Last month I noted that, from here on, the comparisons with 2020 in housing would become much more challenging. And so they have.
While permits (gold in the graph below) did increase this month, their declining trend remains intact. Starts (blue), and more importantly, single-family permits (red, right scale) – the least volatile measure of all – both decreased again, as they have almost relentlessly since the beginning of this year:
Viewed YoY, all three are only 2.5%-6.0% above last July:
Here is a graph I have run many times, the inverted YoY change in interest rates (blue) vs. the YoY% change in single-family permits (red/10 for scale):
Note that in late 2018-early 2019, in the face of a similar increase in interest rates, permits actually declined YoY. Almost certainly, by September permits and starts will be negative YoY again.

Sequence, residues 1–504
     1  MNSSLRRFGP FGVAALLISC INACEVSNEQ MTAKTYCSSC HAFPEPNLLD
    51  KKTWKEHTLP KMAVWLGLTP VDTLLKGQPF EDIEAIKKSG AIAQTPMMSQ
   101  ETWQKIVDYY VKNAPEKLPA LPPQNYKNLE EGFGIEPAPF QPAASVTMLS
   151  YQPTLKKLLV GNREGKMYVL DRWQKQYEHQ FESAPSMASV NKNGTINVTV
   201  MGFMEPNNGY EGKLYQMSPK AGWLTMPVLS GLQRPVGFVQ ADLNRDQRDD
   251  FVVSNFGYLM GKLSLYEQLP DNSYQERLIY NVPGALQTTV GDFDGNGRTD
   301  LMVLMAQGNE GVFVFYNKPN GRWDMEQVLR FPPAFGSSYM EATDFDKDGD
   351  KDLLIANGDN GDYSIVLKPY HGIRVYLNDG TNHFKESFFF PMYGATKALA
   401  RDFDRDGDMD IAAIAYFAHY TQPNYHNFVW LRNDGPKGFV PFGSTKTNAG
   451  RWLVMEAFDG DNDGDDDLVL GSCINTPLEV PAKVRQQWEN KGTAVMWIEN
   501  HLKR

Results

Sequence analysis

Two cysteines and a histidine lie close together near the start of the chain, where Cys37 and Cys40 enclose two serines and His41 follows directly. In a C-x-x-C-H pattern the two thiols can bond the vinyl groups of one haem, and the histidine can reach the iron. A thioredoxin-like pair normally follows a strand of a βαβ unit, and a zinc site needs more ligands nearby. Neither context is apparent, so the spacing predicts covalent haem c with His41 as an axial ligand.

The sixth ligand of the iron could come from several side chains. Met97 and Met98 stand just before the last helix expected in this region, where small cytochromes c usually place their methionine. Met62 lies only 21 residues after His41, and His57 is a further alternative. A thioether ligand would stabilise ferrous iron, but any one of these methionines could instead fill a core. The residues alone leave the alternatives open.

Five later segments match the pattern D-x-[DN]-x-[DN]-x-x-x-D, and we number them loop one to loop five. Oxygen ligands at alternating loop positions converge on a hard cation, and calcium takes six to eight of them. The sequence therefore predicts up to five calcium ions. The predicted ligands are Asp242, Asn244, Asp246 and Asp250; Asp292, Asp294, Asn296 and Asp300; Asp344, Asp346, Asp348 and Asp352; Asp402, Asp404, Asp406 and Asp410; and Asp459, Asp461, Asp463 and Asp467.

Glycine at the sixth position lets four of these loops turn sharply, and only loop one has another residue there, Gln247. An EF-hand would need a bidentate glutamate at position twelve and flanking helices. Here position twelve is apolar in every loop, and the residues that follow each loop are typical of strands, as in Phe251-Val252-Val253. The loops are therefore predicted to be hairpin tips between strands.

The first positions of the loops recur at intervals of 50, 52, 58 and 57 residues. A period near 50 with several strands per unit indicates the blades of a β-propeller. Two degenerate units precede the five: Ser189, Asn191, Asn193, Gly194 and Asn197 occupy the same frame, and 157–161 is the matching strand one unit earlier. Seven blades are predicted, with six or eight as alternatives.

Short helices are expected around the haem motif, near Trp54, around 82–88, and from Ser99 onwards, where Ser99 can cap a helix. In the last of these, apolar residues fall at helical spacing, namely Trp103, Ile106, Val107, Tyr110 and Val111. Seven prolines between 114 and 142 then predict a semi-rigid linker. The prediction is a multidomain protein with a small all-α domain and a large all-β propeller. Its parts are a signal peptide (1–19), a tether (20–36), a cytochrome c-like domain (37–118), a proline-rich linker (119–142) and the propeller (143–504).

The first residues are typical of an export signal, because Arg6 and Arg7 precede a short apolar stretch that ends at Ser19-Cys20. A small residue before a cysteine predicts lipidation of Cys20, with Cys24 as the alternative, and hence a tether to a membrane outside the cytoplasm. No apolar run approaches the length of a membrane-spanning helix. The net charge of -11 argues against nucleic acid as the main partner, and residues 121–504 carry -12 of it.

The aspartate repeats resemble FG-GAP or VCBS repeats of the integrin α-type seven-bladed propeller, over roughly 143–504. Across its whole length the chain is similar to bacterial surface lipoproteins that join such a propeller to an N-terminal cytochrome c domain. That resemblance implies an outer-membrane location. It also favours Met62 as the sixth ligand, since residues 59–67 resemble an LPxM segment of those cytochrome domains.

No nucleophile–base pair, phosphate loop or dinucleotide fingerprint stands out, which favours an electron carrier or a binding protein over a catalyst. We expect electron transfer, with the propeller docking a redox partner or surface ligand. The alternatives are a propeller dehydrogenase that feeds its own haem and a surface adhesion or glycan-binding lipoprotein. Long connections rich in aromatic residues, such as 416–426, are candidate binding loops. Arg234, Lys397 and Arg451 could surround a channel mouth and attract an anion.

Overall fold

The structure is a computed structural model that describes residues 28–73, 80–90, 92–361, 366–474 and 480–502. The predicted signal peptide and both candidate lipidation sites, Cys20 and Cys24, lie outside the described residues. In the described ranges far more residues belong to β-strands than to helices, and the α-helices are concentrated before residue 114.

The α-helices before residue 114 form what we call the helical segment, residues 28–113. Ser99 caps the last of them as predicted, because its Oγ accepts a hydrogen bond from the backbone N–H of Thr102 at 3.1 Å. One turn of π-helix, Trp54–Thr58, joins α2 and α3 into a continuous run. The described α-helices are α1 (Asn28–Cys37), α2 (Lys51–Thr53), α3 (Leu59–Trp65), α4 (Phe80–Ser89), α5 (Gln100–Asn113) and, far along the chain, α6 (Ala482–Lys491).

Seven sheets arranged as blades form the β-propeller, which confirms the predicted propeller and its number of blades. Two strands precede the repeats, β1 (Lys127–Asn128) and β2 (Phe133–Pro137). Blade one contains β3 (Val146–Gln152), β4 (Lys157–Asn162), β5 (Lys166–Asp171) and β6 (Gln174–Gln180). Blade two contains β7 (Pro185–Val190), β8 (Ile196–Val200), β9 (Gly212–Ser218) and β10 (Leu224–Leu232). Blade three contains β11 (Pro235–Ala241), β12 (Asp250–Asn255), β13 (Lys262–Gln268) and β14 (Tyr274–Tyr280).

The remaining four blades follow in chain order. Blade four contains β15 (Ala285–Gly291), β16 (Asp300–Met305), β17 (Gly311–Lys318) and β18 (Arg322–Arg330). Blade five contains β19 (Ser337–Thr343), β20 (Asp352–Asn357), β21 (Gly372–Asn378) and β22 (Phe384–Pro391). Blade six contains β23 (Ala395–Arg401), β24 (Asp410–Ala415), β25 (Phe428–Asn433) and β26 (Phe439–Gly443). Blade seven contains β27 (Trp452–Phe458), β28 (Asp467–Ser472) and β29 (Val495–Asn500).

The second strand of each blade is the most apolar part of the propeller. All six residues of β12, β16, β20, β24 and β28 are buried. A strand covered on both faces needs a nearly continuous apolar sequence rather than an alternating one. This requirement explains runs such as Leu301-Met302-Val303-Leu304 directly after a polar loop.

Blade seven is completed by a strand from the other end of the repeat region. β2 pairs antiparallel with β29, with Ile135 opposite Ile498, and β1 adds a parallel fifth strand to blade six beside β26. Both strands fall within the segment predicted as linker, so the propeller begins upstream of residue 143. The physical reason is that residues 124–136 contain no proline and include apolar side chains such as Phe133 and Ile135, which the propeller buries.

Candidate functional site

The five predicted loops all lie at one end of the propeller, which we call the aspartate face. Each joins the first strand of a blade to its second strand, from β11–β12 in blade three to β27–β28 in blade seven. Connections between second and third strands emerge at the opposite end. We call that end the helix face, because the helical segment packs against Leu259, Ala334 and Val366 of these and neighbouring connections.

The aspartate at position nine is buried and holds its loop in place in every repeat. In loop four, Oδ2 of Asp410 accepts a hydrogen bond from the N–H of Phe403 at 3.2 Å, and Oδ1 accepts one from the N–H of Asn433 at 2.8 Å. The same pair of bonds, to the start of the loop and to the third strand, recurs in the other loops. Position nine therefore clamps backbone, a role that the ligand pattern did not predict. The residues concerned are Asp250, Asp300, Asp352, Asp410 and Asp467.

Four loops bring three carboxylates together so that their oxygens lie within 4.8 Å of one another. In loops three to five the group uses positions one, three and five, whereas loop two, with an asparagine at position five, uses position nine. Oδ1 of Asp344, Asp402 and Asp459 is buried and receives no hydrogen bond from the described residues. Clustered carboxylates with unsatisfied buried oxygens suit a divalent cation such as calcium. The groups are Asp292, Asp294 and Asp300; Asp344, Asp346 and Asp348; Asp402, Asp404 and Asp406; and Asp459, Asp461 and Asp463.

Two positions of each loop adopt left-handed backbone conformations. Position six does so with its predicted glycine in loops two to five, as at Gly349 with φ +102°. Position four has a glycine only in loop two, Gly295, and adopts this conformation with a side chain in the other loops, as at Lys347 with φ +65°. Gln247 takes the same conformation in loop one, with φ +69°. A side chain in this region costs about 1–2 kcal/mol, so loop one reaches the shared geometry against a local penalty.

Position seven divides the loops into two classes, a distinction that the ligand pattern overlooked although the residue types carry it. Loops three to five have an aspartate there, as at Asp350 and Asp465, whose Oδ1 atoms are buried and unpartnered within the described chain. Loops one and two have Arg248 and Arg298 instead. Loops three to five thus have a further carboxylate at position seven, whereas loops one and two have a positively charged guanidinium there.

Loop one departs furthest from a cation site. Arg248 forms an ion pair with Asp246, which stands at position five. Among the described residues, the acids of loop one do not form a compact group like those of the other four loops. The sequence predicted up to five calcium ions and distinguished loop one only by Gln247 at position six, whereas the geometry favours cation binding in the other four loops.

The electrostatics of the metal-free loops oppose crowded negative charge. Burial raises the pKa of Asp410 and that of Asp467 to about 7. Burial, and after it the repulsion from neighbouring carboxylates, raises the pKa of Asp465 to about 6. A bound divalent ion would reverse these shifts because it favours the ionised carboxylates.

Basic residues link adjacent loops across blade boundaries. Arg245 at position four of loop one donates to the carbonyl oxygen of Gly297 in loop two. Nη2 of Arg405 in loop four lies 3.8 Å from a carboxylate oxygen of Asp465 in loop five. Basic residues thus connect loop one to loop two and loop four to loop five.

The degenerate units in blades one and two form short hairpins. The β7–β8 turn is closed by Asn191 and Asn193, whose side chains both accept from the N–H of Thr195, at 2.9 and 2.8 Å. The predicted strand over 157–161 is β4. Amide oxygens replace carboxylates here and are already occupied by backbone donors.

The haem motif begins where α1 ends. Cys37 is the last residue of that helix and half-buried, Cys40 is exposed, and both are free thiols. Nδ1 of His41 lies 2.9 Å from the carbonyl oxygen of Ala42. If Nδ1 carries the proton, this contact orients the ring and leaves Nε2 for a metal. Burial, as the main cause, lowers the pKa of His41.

All of which is of academic interest, except that housing is a very important long leading indicator for the economy. Starts are currently off about 7.5% from their peak, while both total and single-family permits are off between 13% to 17%. In the past, when these have declined 20% from the peak, it usually has resulted in a recession at some point 12+ months after the peak. Only one indicator, but still this is a yellow flag at minimum for the economy in 2022.